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Ralph Martin: Will Many Be Saved? reviewed by Amos Yong

The line of thinking in Will Many Be Saved? suggests a negative response. Martin does not quite come out to say so, although it is surely possible that I missed this assertion. If so, however, then the “catch-22” that has plagued historic Protestant traditions re-emerges. The Reformed tradition (broadly defined), for instance, has long debated whether missionary and evangelistic motivation thrives from or is undercut by a strong doctrine of election and predestination. Convinced Calvinists say yes, Arminians (including most renewalists) demur. Similarly, the sword may cut both ways with regard to Martin’s wager. His claim is that an unfounded optimism that hell will be largely, if not altogether, vacated diminishes evangelistic activity. But if Christians (Catholics or otherwise) believe that hell will be quite populated (so that many if not most of humanity ends up there), then why expend energy on evangelism anyway? Perhaps the more pragmatic response is an authentic agnosticism on this matter, and one way to read this volume is as a corrective to the universalistic trends toward precisely such a middle way. Still, whatever one makes of this pragmatic argument regarding missionary motivation, Martin’s book deserves to be widely read by those interested in, and even assigned as required reading for courses on, theology of missions and evangelization, theology of religions, interreligious encounter, and soteriology.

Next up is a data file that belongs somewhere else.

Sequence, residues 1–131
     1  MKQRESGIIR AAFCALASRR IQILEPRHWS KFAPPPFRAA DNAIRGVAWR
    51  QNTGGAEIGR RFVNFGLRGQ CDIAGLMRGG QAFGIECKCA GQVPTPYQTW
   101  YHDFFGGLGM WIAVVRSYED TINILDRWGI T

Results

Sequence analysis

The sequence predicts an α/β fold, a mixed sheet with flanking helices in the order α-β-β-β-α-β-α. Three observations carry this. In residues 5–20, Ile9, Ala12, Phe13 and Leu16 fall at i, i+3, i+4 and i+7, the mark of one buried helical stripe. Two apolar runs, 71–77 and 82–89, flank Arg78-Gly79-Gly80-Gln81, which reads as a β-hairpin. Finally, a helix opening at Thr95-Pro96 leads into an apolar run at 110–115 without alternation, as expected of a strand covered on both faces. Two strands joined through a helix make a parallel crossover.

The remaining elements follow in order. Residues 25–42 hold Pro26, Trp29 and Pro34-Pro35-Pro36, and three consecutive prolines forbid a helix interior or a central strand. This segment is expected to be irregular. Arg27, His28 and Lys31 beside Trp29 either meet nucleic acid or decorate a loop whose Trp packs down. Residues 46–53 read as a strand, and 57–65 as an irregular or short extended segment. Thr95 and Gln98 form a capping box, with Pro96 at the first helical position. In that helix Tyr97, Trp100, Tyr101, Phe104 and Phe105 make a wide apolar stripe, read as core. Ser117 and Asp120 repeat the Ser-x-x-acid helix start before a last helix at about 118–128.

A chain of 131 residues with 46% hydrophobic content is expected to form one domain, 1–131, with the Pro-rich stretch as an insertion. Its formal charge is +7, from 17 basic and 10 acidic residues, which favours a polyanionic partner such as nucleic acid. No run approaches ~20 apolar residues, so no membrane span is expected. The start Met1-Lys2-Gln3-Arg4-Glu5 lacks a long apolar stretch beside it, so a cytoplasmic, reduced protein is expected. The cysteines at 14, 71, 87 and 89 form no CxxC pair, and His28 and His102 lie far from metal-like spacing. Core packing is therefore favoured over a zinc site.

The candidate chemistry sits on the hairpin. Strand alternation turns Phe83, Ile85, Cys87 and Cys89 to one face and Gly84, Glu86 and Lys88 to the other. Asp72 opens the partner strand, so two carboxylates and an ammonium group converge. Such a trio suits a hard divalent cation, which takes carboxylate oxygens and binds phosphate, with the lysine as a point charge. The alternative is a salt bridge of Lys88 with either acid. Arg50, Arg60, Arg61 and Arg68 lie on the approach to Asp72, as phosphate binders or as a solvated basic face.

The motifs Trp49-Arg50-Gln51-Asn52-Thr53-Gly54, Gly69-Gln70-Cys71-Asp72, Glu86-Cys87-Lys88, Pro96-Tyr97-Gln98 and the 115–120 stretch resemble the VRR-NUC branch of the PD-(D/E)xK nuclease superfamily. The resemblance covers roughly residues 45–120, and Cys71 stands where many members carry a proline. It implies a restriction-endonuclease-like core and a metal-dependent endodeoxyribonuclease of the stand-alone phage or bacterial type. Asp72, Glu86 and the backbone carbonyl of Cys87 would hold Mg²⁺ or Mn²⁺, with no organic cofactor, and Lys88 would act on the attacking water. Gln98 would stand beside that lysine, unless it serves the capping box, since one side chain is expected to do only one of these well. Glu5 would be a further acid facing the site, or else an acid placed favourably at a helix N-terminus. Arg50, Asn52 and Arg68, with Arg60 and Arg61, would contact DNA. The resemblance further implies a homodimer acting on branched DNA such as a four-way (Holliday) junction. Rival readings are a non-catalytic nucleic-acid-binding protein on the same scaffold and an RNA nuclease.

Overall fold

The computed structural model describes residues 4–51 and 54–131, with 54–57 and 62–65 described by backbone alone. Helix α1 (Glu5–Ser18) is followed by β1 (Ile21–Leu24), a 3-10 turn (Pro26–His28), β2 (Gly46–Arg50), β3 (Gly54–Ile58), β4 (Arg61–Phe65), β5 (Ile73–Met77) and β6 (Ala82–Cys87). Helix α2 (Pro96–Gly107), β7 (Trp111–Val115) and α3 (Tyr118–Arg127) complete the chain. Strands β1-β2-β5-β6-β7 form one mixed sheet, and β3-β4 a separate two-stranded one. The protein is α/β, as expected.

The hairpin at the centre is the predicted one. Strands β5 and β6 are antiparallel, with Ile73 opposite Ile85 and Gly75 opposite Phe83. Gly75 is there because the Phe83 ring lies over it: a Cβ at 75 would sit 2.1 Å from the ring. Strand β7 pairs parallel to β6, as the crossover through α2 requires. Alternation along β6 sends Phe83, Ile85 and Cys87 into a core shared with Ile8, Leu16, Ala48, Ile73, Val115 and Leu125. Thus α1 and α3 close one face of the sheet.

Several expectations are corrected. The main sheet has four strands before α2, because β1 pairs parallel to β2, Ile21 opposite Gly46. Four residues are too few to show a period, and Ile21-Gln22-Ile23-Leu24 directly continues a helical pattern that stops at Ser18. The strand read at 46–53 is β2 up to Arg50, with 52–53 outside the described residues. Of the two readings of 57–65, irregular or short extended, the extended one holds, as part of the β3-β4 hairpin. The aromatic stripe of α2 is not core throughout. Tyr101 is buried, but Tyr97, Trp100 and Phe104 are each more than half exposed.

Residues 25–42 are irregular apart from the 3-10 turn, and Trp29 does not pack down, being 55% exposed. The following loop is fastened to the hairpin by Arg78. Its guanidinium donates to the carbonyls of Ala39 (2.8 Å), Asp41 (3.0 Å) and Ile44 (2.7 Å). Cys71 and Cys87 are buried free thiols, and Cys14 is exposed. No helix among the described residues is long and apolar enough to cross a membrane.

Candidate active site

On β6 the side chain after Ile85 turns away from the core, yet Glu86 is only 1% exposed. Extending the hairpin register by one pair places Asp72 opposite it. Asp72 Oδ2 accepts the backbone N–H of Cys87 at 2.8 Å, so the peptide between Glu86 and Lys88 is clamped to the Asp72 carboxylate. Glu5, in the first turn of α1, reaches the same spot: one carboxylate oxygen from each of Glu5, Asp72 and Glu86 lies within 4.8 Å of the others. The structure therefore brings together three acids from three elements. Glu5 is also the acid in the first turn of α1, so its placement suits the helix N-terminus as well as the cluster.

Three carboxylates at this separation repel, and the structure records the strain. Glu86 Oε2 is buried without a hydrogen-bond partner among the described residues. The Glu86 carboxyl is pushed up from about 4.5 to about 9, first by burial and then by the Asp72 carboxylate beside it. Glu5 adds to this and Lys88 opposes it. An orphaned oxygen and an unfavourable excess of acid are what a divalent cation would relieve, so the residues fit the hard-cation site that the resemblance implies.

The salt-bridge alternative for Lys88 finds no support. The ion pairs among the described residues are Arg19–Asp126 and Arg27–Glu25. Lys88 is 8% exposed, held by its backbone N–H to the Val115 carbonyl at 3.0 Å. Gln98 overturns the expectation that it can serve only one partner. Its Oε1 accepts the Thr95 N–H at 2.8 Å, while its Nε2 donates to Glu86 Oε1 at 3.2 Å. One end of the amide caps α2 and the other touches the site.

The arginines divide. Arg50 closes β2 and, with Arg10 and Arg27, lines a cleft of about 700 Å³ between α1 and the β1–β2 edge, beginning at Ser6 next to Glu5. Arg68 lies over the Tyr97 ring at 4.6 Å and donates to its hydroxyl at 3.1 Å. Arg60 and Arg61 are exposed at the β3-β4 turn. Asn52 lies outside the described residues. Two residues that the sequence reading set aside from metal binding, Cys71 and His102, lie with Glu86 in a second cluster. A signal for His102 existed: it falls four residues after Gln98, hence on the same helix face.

Reviewed by Amos Yong

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Category: In Depth, Winter 2014

About the Author: Amos Yong is Professor of Theology & Mission and director of the Center for Missiological Research at Fuller Theological Seminary, Pasadena. His graduate education includes degrees in theology, history, and religious studies from Western Evangelical Seminary and Portland State University, Portland, Oregon, and Boston University, Boston, Massachusetts, and an undergraduate degree from Bethany University of the Assemblies of God. He is the author of numerous papers and over 30 books. fuller.edu/faculty/ayong/ amosyong@fuller.edu Facebook

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